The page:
American Interests in the North
Canadian nationalists have often viewed the United States with suspicion, and the activities of the U.S. in the Canadian north are no exception. During the Klondike gold rush, the Alaska Boundary dispute was often cited as an example of American aggressiveness in our north, especially when the dispute was resolved in 1903 in favour of the United States’ claim. But this view of the situation is unfounded, both in the case of the Boundary Dispute, and generally.
The Alaska Boundary dispute concerned not only the boundary that splits Alaska and the Yukon. That is the 141st meridian, set by a treaty signed between Great Britain and Russia in 1825, and that line has never been in question; it was just a matter of sending surveyors north and finding where it crossed the Yukon River, something that was done in the 1880s. The dispute was over the boundary of the Alaska “panhandle,” between Alaska and British Columbia. The United States wanted an unbroken strip of coastline, while Canada wanted control of the heads of the inlets, especially the Lynn Canal, which led to Skagway and the Klondike gold fields. It is true that the Americans, and especially President Theodore Roosevelt, adopted a rather aggressive attitude towards the dispute, and it is also true that when the matter went to arbitration from a panel made up of three Americans, two Canadian members, and a British member, that the British member voted with the Americans partly because Britain valued American friendship more than Canadian loyalty. But it is also true that Canada had a bad case, and knew it, and really had no legitimate grounds for complaint.
The basic fact is that Canada did very little to establish sovereignty over the northern part of the country before 1900. Canada was hesitant even to accept title to the Arctic Islands from Great Britain in 1880, and before the first Mounted Police officer arrived to reconnoiter the Yukon in 1895, there was not a single permanent Canadian official resident north of the 60th parallel. Even after the gold rush, the Canadian presence in the Northwest Territories consisted for years of a few policemen scattered in a handful of posts across that huge mass of land. When the Americans built the Alaska Highway in 1942 they sent thousand of troops and civilian workers into the Canadian northwest, and there was not a single Canadian officer to watch what they were doing, or what effect they were having on the First Nations people, until Ottawa was shamed into appointing a liaison officer to the region.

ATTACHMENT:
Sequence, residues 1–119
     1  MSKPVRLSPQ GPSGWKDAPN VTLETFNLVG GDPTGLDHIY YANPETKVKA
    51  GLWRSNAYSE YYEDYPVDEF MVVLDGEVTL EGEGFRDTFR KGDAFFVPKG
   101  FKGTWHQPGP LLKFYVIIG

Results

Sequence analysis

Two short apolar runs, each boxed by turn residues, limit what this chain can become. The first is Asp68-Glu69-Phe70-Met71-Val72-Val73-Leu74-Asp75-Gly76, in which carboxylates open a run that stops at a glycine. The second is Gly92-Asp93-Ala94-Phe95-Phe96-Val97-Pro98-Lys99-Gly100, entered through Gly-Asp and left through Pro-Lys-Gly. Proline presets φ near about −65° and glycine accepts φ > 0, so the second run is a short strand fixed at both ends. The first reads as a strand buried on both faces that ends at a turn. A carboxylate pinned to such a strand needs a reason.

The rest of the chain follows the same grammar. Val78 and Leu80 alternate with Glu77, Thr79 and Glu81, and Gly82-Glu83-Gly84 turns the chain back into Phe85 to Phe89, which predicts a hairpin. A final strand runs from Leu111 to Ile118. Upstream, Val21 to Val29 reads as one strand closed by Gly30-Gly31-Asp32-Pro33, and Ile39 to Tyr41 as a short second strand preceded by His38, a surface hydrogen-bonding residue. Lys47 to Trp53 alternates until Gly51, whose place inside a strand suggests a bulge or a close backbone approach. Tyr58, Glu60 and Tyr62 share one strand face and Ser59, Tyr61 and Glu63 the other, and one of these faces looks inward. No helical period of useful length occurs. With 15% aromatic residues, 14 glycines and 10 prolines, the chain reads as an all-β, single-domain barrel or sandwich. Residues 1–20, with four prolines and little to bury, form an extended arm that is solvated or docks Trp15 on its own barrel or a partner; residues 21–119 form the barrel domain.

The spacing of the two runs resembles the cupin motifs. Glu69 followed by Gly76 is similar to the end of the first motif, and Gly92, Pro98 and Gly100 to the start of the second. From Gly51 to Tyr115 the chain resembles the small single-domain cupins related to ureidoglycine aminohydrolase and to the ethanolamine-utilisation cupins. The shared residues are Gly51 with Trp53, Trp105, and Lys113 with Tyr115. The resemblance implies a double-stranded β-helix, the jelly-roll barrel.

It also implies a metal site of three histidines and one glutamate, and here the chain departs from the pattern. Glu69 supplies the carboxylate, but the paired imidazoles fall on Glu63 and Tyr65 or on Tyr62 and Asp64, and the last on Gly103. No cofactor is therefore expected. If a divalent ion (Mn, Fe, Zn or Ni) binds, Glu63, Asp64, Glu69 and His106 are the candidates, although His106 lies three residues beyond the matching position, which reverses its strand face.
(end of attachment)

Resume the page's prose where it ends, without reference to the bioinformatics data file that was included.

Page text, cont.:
The bottom line on the issue is that Americans have not threatened Canadian sovereignty in the North, but have simply pursued their own interests — gold, whaling, exploring, military necessity such as the Alaska Highway and the DEW line in the 1950s — when they found it necessary to do so. The threat to sovereignty has come from Canadian inaction, and the situation today is not all that much better than it was in 1900.
Newspaper or Magazine Articles
- Unknown, In a British Domain, and Governed Accordingly, New York Times, July 21, 1897
- Unknown, Must Go Well Prepared, Bellingham Bay Reveille, July 23, 1897
- Unknown, Canada Wants a Share, Bellingham Bay Reveille, July 30, 1897
- Unknown, Miners Pay Duty. Americans are Met by Customs Officers at Victoria, Bellingham Bay Reveille, July 30, 1897
- Unknown, Cannot Evade Duty. Seattle Miners Caught by Customs Officers at Victoria, Bellingham Bay Reveille, July 30, 1897
- Unknown, Renounce Their Allegiance, Toronto Globe, November 10, 1897
- Unknown, Stay on the Yankee Side of the Line, Alaska Mining Record, February 16, 1898